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        The shtick of Vanishing New York is romanticizing all those, for lack of a better word, low rent petit bourgeois businesses and similar stuff as being the real true New York. And yes, he does seem to oppose new construction as a way to prevent gentrification despite no evidence that it works.Report

  4. DensityDuck
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    It is quite striking to watch the movies from the 80s and see just how casually homophobia was incorporated as humor. Quite often it was as basic as “see that guy? He’s GAY! That’s it, that’s the joke.”

    Even into the mid-90s, the mere existence of queerness was seen as humorous, just “that girl? REALLY A GUY!” or “haha, that girl wants to be a guy” was the entire joke.Report

    • KenB in reply to DensityDuck
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      When I was in high school in the early 80s, jokingly implying that someone was gay comprised probably a third of our humor. We were a pretty liberal crowd so there was always an unspoken “not that there’s anything wrong with that” assumption, but I do remember us feeling rather awkward about it a few years later when one of our crowd came out.

      On a similar topic (humor and cultural change), I often think about a particular joke in Isaac Asimov’s Treasury of Humor from 1971 — it was about a couple of women’s-libbers who were arrested, and after one expressed her fear about the situation to the other, the reply was “Have faith in God — She will protect us”. That was the joke, that God was referred to as “She”. If my kids who grew up in our very-liberal church read that out of context, they wouldn’t even recognize that it was supposed to be a joke.Report

    • CJColucci in reply to DensityDuck
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      My favorite example of this is Lenny Bruce’s classic “Thank You, Masked Man” routine. The punchline is, essentially, “the Masked Man’s a fag!” who lusted after Tonto. Any dirty dirty-minded 14 year-old boy (a massive redundancy, I know) sniggered over what the Lone Ranger and Tonto got up to during chilly nights on the prairie. Back in Bruce’s day, simply acknowledging that was transgressive and funny. Now, it would have to be the premise of a joke, not the joke itself.Report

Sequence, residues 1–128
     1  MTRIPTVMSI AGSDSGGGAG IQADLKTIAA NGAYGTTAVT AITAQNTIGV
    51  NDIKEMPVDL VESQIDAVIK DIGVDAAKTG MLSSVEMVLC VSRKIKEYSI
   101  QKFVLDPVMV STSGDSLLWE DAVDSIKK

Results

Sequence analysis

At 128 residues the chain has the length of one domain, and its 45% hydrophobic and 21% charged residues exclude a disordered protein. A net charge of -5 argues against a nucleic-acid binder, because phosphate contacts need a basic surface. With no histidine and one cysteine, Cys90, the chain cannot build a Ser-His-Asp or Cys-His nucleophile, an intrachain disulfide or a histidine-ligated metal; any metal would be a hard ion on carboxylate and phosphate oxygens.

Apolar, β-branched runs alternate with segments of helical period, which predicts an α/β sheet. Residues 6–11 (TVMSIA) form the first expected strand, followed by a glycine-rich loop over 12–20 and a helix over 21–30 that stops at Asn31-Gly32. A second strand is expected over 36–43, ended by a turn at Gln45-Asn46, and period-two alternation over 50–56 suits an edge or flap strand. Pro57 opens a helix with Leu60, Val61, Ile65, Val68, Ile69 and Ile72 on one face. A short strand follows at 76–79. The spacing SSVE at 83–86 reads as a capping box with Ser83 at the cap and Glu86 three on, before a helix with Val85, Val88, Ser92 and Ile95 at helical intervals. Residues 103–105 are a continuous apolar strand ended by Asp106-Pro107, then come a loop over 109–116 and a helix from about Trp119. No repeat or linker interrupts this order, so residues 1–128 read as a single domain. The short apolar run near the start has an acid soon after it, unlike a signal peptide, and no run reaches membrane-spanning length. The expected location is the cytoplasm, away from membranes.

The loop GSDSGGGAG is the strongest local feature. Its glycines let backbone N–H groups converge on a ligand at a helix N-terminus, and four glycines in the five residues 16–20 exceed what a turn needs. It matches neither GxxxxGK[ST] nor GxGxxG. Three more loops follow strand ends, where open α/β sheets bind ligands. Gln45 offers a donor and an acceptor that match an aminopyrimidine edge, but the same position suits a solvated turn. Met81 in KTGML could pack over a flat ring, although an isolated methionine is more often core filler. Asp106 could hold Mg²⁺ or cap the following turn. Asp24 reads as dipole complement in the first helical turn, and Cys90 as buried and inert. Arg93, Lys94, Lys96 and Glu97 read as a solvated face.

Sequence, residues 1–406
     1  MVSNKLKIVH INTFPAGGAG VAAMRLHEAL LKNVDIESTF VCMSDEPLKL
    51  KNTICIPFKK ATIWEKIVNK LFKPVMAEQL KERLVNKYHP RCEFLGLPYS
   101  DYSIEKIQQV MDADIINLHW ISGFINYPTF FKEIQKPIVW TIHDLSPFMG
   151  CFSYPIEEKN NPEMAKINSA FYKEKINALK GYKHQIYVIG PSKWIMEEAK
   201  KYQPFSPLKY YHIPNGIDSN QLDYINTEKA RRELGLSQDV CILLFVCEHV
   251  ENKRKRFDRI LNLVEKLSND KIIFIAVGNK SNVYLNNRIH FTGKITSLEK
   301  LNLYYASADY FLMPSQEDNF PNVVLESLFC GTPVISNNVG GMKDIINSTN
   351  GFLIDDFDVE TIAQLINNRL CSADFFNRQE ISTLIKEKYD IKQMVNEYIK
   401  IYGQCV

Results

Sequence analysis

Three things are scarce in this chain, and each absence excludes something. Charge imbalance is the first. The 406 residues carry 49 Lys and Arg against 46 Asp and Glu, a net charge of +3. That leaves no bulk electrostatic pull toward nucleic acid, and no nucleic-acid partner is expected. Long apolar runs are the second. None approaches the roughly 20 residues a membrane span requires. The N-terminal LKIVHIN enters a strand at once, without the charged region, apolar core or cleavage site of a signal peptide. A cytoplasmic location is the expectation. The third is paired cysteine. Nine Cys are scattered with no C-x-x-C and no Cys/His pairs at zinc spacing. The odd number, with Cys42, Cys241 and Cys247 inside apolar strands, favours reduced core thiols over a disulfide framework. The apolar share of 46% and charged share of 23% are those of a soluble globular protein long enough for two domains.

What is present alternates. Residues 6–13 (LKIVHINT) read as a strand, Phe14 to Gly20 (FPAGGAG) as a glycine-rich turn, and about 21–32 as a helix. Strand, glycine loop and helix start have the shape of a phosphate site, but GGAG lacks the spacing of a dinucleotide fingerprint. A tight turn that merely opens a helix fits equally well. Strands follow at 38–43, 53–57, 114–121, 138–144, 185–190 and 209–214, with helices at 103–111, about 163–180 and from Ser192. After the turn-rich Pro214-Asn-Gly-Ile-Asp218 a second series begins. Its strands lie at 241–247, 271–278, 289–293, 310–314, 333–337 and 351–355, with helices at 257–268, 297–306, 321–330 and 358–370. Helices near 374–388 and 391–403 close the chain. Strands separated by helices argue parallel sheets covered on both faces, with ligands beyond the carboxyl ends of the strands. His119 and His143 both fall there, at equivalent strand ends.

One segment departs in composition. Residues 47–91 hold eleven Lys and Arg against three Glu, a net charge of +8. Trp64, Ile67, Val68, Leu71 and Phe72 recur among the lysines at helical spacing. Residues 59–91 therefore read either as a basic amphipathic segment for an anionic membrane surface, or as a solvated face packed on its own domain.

• Rufus F. in reply to DensityDuck
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      Since I’ve been watching quite a few lately, I find there are a handful of ubiquitous jokes in 80s comedies that land kind of weird today:
      1. See that guy? He’s GAY!
      2. Oh boy! That kid’s spying on an older girl (often his sister) while she’s UNDRESSING!
      3. Listen to that guy talk? He’s ASIAN!

      To be honest, I still remember making some “gay” joke when I was about 11 years old- so mid 80s- and an older friend saying “I don’t really think there’s anything wrong with gay people,” and thinking “Wait, of course there isn’t!” and it also being a big revelation because I’d never heard ANYTHING like that before.Report

  5. DensityDuck
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    I also remember someone writing about how the big come-up of lesbians in early-to-mid-90s America was mostly enabled by every other form of queerness dying of AIDS.Report

  6. LeeEsq
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    says:

    Saul is right that what Moss and others like him want is impossible to achieve. They want the cities to be places for the down and outs and other people on the margins of American society while the normies live in the suburbs and only go to cities for work and entertainment and best. Otherwise the normies need to stay in the suburbs. They do want the generous suburban tax subsidies though. This isn’t going to happen politically.

    It was also only a few cities during the grit era that managed to achieve this type of down and out playground status. New York, New Orleans, and San Francisco are probably the big three examples. Other cities like Baltimore, Cleveland, Cincinnati, and St. Louis just entered into a long bad phase without much of a hip artsy bohemian scene. Portland and Seattle remained relatively normal cities with a wide class base. New York also had a lot of normies in it because there were seven to eight million people and down and out Bohemians and other marginal groups were just a small number of them.Report